Sunday, February 03, 2013

Tonight's Movie: Away All Boats (1956)

My husband and I watched AWAY ALL BOATS this weekend; it's an old favorite of his, but I'd never seen it before. I can see now why he likes it so much, as I thought it was a terrific WWII film with a superb cast.

The movie begins early in WWII, as Captain Jebediah S. Hawks (Jeff Chandler) takes command of the USS Belinda, a Navy transport ship. It's Hawks' job to turn a bunch of fairly green Navy recruits into an efficient fighting force. Hawks is a tough taskmaster, but it's up to him to make sure the Belinda stays afloat and his men stay alive so they can play their roles in the Pacific campaign.

In some regards, AWAY ALL BOATS might be thought of as a much more serious version of YOU'RE IN THE NAVY NOW (1951). Chandler as Hawks effectively portrays both a confident leader and a lonely man who cannot become friends with the men for whom he is responsible. It's fascinating watching him and seeing the effect he has on the men under his command, such as immature Commander Quigley (Lex Barker), who starts out clearly appreciating the relative glamour of being an officer, but not the responsibility.

It's eventually clear that while Hawks may seem cold and intimidating, he has an appreciation for the contributions of each man on the crew, including the goofy guy in charge of grinding up the garbage so that the ship doesn't leave a trail for the enemy; he also has a good understanding of group psychology. It's an excellent part, and Chandler makes the most of it.

I found the conclusion slightly melodramatic, given the film's matter-of-fact attitude up to that point, but all in all this was a really well-done, highly engrossing film. Any movie with a cast including Richard Boone, Charles McGraw, John McIntire, Julie Adams, Jock Mahoney, Arthur Space, and Frank Faylen has got to be pretty good, and indeed it is. McIntire's only in one scene and Adams is seen only at the opening and in a flashback, but I appreciated that even small roles were cast with top actors. Keith Andes, George Nader, William Reynolds, and James Westerfield are also among the large cast. David Janssen and Clint Eastwood, then on their way up the career ladder, are credited with bit parts at IMDb, but I didn't spot them on this viewing.

The screenplay by Ted Sherdeman was based on the novel by Kenneth M. Dodson.

AWAY ALL BOATS was directed by Joseph Pevney and filmed in VistaVision by William Daniels. It runs 114 minutes.

I'm very fortunate I was able to see the movie, as these days this is a relatively difficult film to obtain. AWAY ALL BOATS was released on VHS back in 2001. A DVD release of the same year is long out of print and very expensive.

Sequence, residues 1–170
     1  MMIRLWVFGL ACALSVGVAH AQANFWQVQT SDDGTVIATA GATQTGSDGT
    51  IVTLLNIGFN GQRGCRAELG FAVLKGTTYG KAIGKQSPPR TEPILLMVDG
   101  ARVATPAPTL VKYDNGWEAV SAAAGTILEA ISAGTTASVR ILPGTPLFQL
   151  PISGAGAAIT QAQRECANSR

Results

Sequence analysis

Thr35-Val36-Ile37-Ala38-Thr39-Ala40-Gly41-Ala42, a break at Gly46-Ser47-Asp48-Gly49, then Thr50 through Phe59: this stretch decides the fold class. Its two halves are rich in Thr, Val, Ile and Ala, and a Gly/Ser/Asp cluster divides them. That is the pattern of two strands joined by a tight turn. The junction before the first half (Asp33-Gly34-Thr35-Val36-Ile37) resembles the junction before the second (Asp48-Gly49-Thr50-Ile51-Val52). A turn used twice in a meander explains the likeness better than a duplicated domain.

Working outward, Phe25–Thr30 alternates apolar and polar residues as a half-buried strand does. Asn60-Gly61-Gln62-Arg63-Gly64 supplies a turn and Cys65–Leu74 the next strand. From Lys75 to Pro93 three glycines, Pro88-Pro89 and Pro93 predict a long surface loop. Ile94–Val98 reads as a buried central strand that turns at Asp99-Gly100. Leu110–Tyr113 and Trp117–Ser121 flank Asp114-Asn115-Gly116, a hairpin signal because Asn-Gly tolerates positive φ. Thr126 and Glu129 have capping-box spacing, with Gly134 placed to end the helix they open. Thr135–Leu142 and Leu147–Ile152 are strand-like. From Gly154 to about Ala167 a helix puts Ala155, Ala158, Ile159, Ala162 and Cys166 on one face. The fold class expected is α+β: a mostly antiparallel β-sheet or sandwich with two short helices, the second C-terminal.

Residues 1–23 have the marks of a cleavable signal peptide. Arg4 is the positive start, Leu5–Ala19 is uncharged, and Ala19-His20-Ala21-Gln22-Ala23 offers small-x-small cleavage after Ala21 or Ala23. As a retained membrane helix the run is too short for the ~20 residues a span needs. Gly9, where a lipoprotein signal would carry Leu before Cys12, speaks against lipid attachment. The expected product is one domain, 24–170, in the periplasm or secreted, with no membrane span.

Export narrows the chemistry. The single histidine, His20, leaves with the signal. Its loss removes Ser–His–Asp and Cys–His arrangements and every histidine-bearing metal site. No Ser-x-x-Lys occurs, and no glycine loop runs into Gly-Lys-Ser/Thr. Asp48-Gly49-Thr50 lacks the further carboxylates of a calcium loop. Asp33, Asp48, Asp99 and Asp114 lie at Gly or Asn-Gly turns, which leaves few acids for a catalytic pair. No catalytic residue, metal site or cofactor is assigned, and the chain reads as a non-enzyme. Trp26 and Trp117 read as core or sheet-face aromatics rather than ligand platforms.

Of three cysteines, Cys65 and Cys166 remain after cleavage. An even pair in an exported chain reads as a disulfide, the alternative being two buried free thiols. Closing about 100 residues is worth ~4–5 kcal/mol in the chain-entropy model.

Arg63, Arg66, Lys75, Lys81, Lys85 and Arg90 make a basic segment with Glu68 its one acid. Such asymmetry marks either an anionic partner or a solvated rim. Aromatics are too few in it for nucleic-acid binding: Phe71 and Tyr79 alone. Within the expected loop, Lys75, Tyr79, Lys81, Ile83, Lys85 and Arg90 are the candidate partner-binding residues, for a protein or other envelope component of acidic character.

It is available in Europe on Region 2 DVD. This is a title which really needs to be released in the Universal Vault Series; it's an excellent film with a top cast which was beautifully filmed, and I suspect it would be a very popular release, especially if the print is of the high quality typical of the Universal Vault DVDs.

Viewers who love World War II films, Jeff Chandler, and/or Universal movies of the '50s should find this film to be great entertainment. Highly recommended.


Blogger Crocheted Lace said...

This is my favorite Jeff Chandler movie. I got a DVD on ebay for $6.00, it was a factory overrun, so all I got was the DVD, no packaging. Excellent bargain! The DVD is not in VistaVision, it's either pan & scan or scrunched to fit the screen. The kamikaze scenes lose a lot of punch.
The Julie Admas part really makes no sense, they just *had* to squeeze in a female if only for a few minutes. Nothing against Julie Adams, but I fast forwarded the few minutes she was on screen because it was just a plot interuption.
The book is even better than the movie!

10:26 AM  
Blogger Moira Finnie said...

As I read your review, the memory of how glorious Jeff Chandler looked in Navy Blues seemed to float back into my consciousness. Other details of this film, which used to be aired about once a week on the tube, have long since blurred, though I seem to remember some confrontations between the suitably gruff Jeff and his men in the ward room. It is odd that this hasn't found its way to a Region 1 DVD prior to this, but I'll try to look for it soon. Thanks for spotlighting this film, and reminding me of Chandler's presence, Laura.